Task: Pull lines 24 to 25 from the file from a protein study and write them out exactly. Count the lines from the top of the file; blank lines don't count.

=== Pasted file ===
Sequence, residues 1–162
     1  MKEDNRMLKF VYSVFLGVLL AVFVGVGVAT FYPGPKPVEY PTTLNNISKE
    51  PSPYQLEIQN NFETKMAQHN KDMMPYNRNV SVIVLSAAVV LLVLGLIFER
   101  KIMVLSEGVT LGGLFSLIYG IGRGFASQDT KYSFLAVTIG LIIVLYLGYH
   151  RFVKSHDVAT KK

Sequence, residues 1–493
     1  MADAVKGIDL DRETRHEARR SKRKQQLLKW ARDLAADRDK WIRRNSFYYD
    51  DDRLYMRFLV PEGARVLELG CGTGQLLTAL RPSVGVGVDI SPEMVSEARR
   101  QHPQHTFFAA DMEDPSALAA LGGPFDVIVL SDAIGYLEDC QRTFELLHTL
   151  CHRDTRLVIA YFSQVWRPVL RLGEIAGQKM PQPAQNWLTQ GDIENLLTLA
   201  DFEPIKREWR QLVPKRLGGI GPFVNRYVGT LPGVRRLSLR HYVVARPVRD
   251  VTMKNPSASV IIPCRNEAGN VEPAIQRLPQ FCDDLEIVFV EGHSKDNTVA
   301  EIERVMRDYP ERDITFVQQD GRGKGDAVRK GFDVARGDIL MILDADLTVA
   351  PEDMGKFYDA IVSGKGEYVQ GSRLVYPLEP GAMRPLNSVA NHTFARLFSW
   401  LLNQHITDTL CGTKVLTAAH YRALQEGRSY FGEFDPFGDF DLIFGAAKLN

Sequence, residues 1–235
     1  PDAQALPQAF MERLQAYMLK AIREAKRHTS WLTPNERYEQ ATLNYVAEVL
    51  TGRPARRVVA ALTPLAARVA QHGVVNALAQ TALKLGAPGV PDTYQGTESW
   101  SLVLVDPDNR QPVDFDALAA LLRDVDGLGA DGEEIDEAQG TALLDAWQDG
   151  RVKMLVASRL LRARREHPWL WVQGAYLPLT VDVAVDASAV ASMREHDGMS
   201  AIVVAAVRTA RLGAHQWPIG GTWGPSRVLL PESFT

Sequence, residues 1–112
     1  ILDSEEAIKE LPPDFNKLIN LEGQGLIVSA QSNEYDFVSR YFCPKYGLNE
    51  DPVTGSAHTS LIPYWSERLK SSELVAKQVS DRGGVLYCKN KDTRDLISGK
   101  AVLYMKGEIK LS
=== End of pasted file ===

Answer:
    51  DPVTGSAHTS LIPYWSERLK SSELVAKQVS DRGGVLYCKN KDTRDLISGK
   101  AVLYMKGEIK LS